Payment delays in the U.S. are less of an issue than in some of our client countries, with most U.S. Federal Government contracts paid out in 30 days. This payment is generally to the Prime Contractor, while the SME sub-contractors are typically paid within 90 days. Some large prime contractors, such as Walmart and General Electric, are said to have negotiated 120 day payment terms and these cause considerable stress for cash constrained US SMEs.

Can such models be useful in our SME support work?

  • Linking public procurement and SMEs through public policy would be an important start, considering that some developing countries don't even provide preferential SME access to government contracts.
  • Developing "facilitation mechanisms" which target SMEs in public sector procurement could provide support. They could be designed to be more market-friendly than many interest subsidy systems which Governments promulgate in support of their SME sectors. Facilitation bureaus could help SMEs access finance, understand government contracting processes, support the development of SME networks, connect prime contractors with SME sub-contractors, or facilitate joint ventures involving SMEs.
  • Overcoming government payment delays is a more difficult hurdle. Some countries, such as India, have legislation which stipulates periods within which Government contracts must be paid out. Others, such as Morocco, are working with the World Bank to address this issue. Using electronic factoring platforms to discount bills receivable could be another method to facilitate SME access to financing to participate in public procurement markets (albeit not a substitute for prompt government payment of their outstanding bills)!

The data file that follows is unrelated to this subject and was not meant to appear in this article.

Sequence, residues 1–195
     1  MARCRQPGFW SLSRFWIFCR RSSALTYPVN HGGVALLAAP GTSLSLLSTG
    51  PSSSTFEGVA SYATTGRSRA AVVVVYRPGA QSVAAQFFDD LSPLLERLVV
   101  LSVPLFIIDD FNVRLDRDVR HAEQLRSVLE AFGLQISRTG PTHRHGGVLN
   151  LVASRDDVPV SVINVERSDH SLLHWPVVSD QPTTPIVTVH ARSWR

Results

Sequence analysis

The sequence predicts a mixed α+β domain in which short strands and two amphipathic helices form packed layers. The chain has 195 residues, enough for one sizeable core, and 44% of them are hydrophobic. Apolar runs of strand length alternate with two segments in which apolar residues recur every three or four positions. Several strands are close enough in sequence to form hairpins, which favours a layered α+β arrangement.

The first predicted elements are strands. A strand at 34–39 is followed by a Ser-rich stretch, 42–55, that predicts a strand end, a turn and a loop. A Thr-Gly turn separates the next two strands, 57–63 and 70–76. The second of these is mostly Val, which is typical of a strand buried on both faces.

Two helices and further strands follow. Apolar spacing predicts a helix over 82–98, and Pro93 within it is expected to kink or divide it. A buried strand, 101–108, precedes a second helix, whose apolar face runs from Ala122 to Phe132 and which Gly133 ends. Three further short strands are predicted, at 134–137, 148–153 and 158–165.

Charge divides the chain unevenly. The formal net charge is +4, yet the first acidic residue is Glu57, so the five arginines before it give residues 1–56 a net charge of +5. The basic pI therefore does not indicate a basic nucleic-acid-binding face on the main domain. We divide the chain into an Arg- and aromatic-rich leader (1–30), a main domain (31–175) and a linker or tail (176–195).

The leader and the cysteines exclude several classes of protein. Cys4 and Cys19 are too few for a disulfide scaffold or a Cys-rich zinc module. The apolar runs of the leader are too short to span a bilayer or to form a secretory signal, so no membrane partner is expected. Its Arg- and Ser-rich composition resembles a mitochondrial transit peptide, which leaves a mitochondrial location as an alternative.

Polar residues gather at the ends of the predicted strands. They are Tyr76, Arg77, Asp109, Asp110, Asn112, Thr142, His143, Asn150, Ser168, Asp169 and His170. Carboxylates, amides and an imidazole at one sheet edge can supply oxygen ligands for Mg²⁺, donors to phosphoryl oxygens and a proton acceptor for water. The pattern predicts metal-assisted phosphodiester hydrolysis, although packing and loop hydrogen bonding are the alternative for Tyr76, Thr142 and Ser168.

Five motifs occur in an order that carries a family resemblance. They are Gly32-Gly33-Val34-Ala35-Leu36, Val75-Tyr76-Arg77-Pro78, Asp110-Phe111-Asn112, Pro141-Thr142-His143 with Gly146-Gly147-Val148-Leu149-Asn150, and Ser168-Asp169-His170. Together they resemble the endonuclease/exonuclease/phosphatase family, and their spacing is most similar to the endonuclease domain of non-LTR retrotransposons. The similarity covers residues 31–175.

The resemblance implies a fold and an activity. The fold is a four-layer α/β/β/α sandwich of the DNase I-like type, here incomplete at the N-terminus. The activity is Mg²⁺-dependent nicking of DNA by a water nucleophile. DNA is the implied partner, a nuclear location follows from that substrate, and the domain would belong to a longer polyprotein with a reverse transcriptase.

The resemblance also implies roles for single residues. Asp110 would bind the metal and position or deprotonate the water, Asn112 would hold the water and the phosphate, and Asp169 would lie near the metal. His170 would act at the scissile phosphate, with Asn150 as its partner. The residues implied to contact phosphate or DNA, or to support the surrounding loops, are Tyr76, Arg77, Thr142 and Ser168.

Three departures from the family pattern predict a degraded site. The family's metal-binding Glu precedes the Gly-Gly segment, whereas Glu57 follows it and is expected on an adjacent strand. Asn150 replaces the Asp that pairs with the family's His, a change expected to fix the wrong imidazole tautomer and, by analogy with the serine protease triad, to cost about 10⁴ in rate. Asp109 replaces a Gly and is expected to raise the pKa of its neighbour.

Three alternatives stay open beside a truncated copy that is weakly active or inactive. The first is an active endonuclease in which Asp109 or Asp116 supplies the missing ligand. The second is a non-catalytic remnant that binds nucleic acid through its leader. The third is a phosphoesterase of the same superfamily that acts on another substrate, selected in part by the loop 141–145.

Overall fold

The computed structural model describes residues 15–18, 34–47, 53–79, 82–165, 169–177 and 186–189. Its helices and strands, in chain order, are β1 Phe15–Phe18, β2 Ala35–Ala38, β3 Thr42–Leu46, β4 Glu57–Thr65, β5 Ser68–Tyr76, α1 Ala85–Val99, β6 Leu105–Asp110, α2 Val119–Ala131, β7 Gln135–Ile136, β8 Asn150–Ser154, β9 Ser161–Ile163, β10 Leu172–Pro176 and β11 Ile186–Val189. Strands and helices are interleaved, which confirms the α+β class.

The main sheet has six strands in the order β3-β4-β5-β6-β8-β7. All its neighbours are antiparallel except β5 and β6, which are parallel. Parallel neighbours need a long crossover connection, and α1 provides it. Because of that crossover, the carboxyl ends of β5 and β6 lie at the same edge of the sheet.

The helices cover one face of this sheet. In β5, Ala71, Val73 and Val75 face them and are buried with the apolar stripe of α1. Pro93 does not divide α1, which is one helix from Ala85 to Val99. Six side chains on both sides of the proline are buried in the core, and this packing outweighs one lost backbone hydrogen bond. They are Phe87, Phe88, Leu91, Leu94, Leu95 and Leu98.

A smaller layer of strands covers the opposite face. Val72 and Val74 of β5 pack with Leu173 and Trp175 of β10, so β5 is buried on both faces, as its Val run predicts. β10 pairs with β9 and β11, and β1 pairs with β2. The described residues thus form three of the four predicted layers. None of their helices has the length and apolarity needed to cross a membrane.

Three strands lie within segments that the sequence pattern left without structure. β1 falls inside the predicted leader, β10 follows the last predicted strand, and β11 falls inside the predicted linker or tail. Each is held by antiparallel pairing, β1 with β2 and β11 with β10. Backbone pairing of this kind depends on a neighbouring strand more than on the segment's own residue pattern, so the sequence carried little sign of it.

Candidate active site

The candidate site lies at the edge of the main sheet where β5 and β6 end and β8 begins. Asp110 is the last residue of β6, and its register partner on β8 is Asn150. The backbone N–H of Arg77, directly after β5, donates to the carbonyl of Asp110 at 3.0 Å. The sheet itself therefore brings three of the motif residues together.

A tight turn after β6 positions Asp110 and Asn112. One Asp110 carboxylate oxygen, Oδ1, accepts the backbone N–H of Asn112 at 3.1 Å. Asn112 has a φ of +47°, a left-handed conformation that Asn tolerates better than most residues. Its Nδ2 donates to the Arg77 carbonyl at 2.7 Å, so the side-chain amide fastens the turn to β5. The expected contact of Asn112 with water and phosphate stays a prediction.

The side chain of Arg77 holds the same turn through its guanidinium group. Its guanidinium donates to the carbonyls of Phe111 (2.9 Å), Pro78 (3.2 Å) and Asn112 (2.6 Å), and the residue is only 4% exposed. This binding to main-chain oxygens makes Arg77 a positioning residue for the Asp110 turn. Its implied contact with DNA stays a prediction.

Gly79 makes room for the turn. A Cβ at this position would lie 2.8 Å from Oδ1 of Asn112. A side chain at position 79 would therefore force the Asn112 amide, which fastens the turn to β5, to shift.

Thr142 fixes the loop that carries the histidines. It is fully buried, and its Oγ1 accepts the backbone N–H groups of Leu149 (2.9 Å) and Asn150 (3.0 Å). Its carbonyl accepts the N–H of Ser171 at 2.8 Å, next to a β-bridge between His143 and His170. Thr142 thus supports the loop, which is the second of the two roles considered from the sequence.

• Equally exciting, recent research points to a "Growth" as well as an "Employment Generation" impact of linking public procurement with SMEs. The February 2016 paper "Procuring Firm Growth: The Effects of Government Purchases on Firm Dynamics" (Ferraz, Finan, and Szerman) assembled comprehensive data from Brazil and found that "winning at least one [government] contract in a given quarter increases firm growth by 2.2 percentage points over that quarter, with 93% of the new hires coming from either unemployment or the informal sector. These effects also persist well beyond the length of the contracts. Part of this persistence comes from firms participating and winning more future auctions, as well as penetrating other markets."

Maybe it is time for us to build beyond our traditional lines of credit to SMEs – and embrace more innovative methods of SME support – as headwinds slow the global economy and governments increasingly look to the SME sector not only to generate more jobs but to also help retain those jobs which they have already created. Could stronger links with public procurement provide an important key?


Simon Bell

Global Lead for SME Finance, Finance & Markets

Yolanda Tayler

Practice Manager, Solutions and Innovations in Procurement Department, Governance Global Practice, the World Bank